Here in Nova Scotia there is plenty of winter so there is lots of time to be at the rug. The weather today is cold but spring like so I have been out and about a bit. I run across the road to the women’s store to see whose trying clothes on, then I flit back here and work on our new little youtube studio, write, make tea. I am like something that lights upon a spot for a little while then flits off again. Not a butterfly exactly, that does not describe me, but some sort of bird probably.
So now to sit steady, quietly and listen to my own rhythm. Welcome to the frame. Your rug hooking awaits.
Dear Diary, It has been a while since I sat and wrote to you. It seems I have been talking in other ways with Facebook, Instagram, and Coffee with Deanne videos. There is only so much a girl has to say I s’pose. Today though I took a look at you, my blog and found you needed an upgrade. Isn’t it odd that for an upgrade I went back to simplest of themes again. No need to see every post and what has been going on for months here in the studio. Lets make you current, lets make you matter. I have taken to writing the diary in my newsletter because it reaches so many people. We publish it here too but I think now and again I’ll come back here just to tell you how I’m feeling. I work here at the studio six days a week and then I have a day of rest. Sometimes I hook but it is no burden on a Sunday. So there should be time to talk to you a little. To spend some time. Right now I am loving close ups of my rugs. They are little colour studies. I learn from them sand they make me see the whole rug in progress differently.
After a memorable stay in the desert (I missed last week’s blog for lack of internet but you will find a post on that experience here if you like) we are now in Taroudant, a town that the locals call “the small Marrakech”. We got off the bus two days ago after a long ride through more Atlas where stunning scenery of mountains and valleys, dry river beds, oasis, herds of sheep, dusty road stands with colorful potteries kept us entertained. The landscapes in these parts are rugged and beautiful.
As we got off the bus I started looking for a taxi when Thami, upon asking me where we were staying, offered us directions then took upon himself to lead us there and carry some of our luggage. When I offered Thami a tip for his service he promptly refused, welcoming us to his town and offering us to take a horse drawn carriage ride with him for a tour of the city the next morning at a very reasonable price. Why not. We’ve never done that.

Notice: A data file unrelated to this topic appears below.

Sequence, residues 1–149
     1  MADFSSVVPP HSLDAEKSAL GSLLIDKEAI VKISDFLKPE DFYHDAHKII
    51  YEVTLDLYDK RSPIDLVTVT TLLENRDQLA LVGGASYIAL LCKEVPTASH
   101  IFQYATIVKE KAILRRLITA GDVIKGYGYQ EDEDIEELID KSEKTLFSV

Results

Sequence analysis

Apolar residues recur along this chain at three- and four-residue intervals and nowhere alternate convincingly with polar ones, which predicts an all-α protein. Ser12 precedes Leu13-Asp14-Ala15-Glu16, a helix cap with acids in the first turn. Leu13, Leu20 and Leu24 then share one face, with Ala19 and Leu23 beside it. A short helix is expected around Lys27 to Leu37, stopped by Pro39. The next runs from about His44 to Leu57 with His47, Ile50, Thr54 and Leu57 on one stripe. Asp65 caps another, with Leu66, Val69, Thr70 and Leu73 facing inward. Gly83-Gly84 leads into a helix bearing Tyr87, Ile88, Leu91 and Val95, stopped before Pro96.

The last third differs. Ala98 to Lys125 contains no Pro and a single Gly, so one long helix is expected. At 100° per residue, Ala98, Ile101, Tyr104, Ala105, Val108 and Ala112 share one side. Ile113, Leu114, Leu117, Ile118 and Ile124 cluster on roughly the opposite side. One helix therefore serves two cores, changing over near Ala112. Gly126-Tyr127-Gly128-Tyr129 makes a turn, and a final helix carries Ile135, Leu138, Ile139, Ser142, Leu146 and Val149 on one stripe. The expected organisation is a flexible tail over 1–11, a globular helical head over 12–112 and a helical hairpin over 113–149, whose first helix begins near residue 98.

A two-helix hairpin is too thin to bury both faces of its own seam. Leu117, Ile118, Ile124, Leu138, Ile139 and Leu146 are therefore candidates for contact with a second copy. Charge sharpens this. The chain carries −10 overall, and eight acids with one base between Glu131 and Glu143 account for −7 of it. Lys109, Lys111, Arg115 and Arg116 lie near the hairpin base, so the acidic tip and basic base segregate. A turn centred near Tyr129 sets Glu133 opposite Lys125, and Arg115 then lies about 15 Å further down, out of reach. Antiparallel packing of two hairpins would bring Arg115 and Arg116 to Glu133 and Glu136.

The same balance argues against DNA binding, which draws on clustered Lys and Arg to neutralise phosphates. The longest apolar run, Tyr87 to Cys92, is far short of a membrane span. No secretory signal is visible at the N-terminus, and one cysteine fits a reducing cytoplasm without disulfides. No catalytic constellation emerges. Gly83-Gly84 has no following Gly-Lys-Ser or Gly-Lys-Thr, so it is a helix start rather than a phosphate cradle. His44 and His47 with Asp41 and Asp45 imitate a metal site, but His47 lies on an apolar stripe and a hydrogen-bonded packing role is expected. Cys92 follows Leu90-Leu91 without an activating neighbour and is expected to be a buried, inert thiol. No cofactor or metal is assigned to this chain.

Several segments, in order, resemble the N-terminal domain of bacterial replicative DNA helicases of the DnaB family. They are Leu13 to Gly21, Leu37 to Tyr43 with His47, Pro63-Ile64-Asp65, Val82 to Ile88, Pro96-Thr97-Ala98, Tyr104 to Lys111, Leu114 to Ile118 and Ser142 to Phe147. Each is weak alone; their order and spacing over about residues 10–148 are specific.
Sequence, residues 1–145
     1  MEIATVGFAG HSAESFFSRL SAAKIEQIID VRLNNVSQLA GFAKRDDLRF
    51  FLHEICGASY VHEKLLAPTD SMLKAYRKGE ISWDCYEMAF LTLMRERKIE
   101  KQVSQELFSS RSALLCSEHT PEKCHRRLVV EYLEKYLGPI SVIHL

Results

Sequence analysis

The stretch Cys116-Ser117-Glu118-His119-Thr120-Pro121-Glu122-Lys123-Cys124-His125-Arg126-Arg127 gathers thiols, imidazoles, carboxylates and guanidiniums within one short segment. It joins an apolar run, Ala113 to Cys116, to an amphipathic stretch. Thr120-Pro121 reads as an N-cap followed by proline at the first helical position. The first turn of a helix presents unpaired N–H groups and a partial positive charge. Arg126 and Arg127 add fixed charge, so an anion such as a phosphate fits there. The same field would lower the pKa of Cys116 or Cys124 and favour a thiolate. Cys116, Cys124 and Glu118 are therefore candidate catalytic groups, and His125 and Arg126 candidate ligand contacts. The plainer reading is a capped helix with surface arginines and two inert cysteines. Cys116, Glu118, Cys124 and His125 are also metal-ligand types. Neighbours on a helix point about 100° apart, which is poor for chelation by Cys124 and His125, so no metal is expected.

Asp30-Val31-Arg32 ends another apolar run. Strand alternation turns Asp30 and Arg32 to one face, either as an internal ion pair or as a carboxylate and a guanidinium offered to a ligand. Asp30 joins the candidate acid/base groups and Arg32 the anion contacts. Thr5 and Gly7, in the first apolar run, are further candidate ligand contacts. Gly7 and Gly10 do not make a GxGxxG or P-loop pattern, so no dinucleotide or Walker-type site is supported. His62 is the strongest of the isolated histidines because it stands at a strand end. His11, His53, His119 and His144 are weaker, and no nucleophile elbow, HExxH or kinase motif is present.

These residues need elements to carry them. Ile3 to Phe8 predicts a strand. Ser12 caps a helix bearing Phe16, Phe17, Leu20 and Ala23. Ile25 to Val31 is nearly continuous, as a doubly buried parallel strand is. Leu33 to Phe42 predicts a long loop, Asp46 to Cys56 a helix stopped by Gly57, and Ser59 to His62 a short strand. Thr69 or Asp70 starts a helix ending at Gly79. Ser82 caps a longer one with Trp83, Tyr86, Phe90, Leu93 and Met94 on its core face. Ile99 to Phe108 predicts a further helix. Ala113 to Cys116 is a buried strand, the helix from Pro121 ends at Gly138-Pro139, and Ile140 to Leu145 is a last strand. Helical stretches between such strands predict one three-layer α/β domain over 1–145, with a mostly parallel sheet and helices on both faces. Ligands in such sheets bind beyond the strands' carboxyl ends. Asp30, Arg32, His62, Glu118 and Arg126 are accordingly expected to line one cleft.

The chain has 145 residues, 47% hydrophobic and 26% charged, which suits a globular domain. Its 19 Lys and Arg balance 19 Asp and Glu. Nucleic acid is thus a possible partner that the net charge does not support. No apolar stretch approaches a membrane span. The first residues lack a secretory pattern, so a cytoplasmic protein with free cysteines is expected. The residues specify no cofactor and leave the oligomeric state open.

If there is something I have to learn about morocco it’s to be open to whatever the day will give (or lead to). The ride with Thami didn’t last an hour as I had expected, it took most of the day. Not only did he show us the city rampart where here and there we hopped off to climb, get a good view and take photos (he knew of all the good spots for pictures) but he made us visit the souk and of course some shops. Now the nice thing about visiting shops with a tour guide is that you are made to feel that there is no obligation or pressure to buy anything. Have a look, ask questions, take pictures.
We visited a women cooperative where several products are made from the argan nut. I already had bought argan oil in Fes so there was no need for more. We visited a jewelry shop and there, since this region is famous for this art, and because we had not indulged yet, Charlotte and I splurged. We went into an ancient synagogue transformed into a art shop where I saw the biggest carpet show room I had seen yet on this trip along with several rooms filled with ancient and new art from Morocco and other African country.We might as well have stepped into Ali Baba’s cavern. I knew nothing there was within my budget but oh my, what a feast for the eyes.
We saw mountain of spices at the market, and several other small artisan shop. But what took the main part of our tour was yet another carpet shop owned by one of Thami’s relative. Soon after we got in and as a gentleman was about to show us some carpets (tea already on it’s way) we did let them know that we had already bought carpets and blanket earlier on the trip. In fact, that was the heavy piece of luggage that Thami helped us carry the night before. No problem my friends, just have a look, no need to buy.
Of course you know what is next. Next comes an array of beautiful thin blankets made of camel hair and cactus fiber. They are light and roll up to almost nothing. When will I ever have a chance to acquire such beauty. We ponder, we do not have enough cash, I plead that we must go back to the hostel and get a credit card if we are to make a purchase. I think that really we should finish our tour first. The gentleman doesn’t settle for that. It is Friday, couscous day, why don’t you join us for couscous. Finish the tour then come eat with us. Hum, homemade couscous is an invite no one should refuse. We agree, we finish the tour, we come back. I know already that we will get those blankets. After couscous and more tea we not only get three but four blankets.